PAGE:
The NCAA Division I Board of Directors on Monday sent member schools guidelines to govern name, image and likeness (NIL) rights.
NIL has become the primary avenue college athletes have been able to explore to generate revenue for themselves since that practice became legal from an NCAA perspective last summer.
The new guidelines, which arrive 10 months after the NCAA lost its Supreme Court case pertaining to student revenue, dictate that boosters should not have contact with prospective college athletes nor their family or other representatives, a clear attempt to limit incentivizing athletes to sign with schools.
Per the official documentation, “NCAA rules preclude boosters from engaging in recruiting activities, including recruiting conversations, on behalf of a school. Further, NCAA recruiting rules preclude boosters from providing benefits to PSAs and preclude institutional staff members from being involved, directly or indirectly, with the provision of benefits to a PSA (prospect student athlete).
“Recruiting conversations between an individual or entity that has triggered booster status and a PSA are not permissible.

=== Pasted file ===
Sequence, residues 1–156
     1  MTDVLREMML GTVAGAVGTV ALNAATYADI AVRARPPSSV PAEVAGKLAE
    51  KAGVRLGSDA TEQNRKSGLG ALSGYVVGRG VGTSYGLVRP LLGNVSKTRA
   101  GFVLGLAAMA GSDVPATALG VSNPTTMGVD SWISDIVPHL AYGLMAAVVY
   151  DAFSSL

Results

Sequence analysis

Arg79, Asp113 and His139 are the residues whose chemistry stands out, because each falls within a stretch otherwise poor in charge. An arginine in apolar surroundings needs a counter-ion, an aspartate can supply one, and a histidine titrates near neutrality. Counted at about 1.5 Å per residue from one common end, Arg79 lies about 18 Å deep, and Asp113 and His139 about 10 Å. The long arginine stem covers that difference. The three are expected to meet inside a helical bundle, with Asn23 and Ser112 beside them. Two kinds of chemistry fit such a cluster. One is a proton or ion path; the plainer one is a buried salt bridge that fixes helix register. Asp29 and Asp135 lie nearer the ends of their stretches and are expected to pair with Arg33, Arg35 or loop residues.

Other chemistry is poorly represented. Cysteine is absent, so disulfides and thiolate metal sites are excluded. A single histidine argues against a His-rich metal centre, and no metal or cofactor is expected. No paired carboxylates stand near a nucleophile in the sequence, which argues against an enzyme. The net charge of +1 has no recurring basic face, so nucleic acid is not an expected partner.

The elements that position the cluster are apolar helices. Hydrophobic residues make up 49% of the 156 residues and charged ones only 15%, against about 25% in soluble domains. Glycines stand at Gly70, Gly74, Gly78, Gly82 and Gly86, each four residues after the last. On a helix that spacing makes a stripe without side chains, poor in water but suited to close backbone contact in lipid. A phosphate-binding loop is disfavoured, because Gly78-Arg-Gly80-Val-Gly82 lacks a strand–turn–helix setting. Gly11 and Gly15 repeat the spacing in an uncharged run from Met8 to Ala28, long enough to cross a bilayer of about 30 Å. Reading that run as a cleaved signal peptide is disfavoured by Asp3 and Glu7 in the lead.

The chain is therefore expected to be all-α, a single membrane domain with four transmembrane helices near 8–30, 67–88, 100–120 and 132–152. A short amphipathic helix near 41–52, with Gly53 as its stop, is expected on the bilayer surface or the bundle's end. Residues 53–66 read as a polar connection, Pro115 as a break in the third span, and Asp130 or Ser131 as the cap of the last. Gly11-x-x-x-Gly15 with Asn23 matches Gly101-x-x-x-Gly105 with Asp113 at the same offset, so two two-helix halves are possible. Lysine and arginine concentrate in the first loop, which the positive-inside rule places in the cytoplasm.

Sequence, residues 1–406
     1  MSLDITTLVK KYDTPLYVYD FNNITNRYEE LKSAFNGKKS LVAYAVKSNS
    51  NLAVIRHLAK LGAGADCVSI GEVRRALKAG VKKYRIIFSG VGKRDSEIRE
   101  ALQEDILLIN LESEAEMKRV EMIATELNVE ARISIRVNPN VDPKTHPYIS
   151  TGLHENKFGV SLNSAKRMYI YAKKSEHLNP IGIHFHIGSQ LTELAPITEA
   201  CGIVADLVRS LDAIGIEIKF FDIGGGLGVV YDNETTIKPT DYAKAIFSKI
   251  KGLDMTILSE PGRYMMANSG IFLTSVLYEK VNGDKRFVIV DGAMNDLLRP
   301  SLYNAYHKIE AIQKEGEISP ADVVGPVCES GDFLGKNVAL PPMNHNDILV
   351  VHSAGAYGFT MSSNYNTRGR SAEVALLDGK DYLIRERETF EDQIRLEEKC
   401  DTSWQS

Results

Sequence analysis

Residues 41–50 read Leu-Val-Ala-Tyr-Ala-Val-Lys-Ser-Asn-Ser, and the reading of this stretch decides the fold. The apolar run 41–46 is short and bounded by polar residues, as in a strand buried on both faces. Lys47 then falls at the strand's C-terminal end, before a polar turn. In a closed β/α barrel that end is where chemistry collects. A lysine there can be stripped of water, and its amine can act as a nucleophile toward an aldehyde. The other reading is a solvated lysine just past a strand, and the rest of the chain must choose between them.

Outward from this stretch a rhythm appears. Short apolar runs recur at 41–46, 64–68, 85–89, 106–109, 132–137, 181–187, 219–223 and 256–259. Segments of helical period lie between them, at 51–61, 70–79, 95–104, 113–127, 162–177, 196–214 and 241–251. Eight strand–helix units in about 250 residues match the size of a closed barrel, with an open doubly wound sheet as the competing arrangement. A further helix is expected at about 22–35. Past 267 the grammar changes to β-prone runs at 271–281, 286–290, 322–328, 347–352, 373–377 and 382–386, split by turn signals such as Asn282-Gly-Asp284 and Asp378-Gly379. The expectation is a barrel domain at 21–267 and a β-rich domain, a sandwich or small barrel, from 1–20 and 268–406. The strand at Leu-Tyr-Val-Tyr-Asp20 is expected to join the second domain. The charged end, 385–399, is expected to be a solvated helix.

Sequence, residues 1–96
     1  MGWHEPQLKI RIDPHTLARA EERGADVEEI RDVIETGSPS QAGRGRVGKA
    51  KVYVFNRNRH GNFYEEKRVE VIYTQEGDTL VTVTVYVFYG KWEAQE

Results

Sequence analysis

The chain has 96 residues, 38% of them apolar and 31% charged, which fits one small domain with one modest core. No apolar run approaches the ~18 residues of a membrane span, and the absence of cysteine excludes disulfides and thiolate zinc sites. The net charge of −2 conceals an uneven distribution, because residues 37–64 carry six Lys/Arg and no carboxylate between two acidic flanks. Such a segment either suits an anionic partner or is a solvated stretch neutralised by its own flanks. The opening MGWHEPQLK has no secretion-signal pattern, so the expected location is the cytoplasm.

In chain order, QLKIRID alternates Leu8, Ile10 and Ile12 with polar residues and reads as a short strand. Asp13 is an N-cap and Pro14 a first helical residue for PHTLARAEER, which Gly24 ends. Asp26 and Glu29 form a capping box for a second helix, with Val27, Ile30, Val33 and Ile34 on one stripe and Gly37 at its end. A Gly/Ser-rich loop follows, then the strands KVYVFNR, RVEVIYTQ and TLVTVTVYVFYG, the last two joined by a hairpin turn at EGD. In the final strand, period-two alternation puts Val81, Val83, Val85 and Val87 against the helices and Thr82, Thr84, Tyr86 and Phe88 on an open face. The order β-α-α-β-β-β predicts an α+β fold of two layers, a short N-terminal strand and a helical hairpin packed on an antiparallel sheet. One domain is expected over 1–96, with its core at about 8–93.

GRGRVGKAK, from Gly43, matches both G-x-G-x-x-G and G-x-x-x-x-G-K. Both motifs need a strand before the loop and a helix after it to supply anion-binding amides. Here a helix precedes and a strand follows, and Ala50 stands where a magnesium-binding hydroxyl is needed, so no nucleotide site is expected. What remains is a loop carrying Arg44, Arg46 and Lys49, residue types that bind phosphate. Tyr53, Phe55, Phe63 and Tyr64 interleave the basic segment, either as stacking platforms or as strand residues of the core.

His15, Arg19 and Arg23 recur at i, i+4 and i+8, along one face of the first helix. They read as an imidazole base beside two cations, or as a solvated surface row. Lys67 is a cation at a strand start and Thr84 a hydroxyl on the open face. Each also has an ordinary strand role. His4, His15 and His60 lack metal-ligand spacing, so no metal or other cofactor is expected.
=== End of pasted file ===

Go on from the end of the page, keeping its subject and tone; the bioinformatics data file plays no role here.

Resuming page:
“NIL agreements must be based on an independent, case-by-case analysis of the value that each athlete brings to an NIL agreement as opposed to providing compensation or incentives for enrollment decisions, athletic performance, achievement or membership on a team.”
The NCAA’s guidance, therefore, arrives with the suggestion that NIL payments to entice recruits has never been acceptable, not even in light of the rules changes last summer, and could result in sanctions retroactively.
“While the NCAA may pursue the most outrageous violations that were clearly contrary to the interim policy adopted last summer, our focus is on the future,” board chair and University of Georgia president Jere Morehead told ESPN.
That statement provides some of the sharpest teeth the NCAA has yet displayed throughout this process, though the risk of antitrust lawsuits levied by boosters remains a deterrent against the NCAA providing a heavy hand in enforcement.
NCAA sanctions against violating schools are more likely to focus on institutional punishment rather than player eligibility, per reporting from Sports Illustrated, though it remains unclear what that might entail.